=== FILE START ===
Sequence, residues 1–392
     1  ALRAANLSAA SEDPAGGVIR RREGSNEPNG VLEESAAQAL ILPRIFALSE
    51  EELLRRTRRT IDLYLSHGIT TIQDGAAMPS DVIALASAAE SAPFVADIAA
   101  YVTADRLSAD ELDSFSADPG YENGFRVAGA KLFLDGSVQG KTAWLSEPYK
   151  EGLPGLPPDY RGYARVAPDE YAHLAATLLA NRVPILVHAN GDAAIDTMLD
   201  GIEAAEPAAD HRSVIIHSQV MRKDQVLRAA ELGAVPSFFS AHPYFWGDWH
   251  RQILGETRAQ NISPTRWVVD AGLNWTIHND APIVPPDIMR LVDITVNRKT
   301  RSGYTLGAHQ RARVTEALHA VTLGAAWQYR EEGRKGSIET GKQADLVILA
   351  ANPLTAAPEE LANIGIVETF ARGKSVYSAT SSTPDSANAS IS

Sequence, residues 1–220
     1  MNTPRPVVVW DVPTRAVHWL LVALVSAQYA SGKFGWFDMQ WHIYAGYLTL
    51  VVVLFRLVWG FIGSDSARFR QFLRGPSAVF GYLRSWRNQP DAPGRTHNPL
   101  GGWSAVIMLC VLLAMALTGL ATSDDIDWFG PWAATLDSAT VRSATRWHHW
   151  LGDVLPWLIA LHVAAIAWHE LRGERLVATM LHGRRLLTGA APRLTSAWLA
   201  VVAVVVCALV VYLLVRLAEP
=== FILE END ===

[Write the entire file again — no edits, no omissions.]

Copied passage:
Sequence, residues 1–392
     1  ALRAANLSAA SEDPAGGVIR RREGSNEPNG VLEESAAQAL ILPRIFALSE
    51  EELLRRTRRT IDLYLSHGIT TIQDGAAMPS DVIALASAAE SAPFVADIAA
   101  YVTADRLSAD ELDSFSADPG YENGFRVAGA KLFLDGSVQG KTAWLSEPYK
   151  EGLPGLPPDY RGYARVAPDE YAHLAATLLA NRVPILVHAN GDAAIDTMLD
   201  GIEAAEPAAD HRSVIIHSQV MRKDQVLRAA ELGAVPSFFS AHPYFWGDWH
   251  RQILGETRAQ NISPTRWVVD AGLNWTIHND APIVPPDIMR LVDITVNRKT
   301  RSGYTLGAHQ RARVTEALHA VTLGAAWQYR EEGRKGSIET GKQADLVILA
   351  ANPLTAAPEE LANIGIVETF ARGKSVYSAT SSTPDSANAS IS

Sequence, residues 1–220
     1  MNTPRPVVVW DVPTRAVHWL LVALVSAQYA SGKFGWFDMQ WHIYAGYLTL
    51  VVVLFRLVWG FIGSDSARFR QFLRGPSAVF GYLRSWRNQP DAPGRTHNPL
   101  GGWSAVIMLC VLLAMALTGL ATSDDIDWFG PWAATLDSAT VRSATRWHHW
   151  LGDVLPWLIA LHVAAIAWHE LRGERLVATM LHGRRLLTGA APRLTSAWLA
   201  VVAVVVCALV VYLLVRLAEP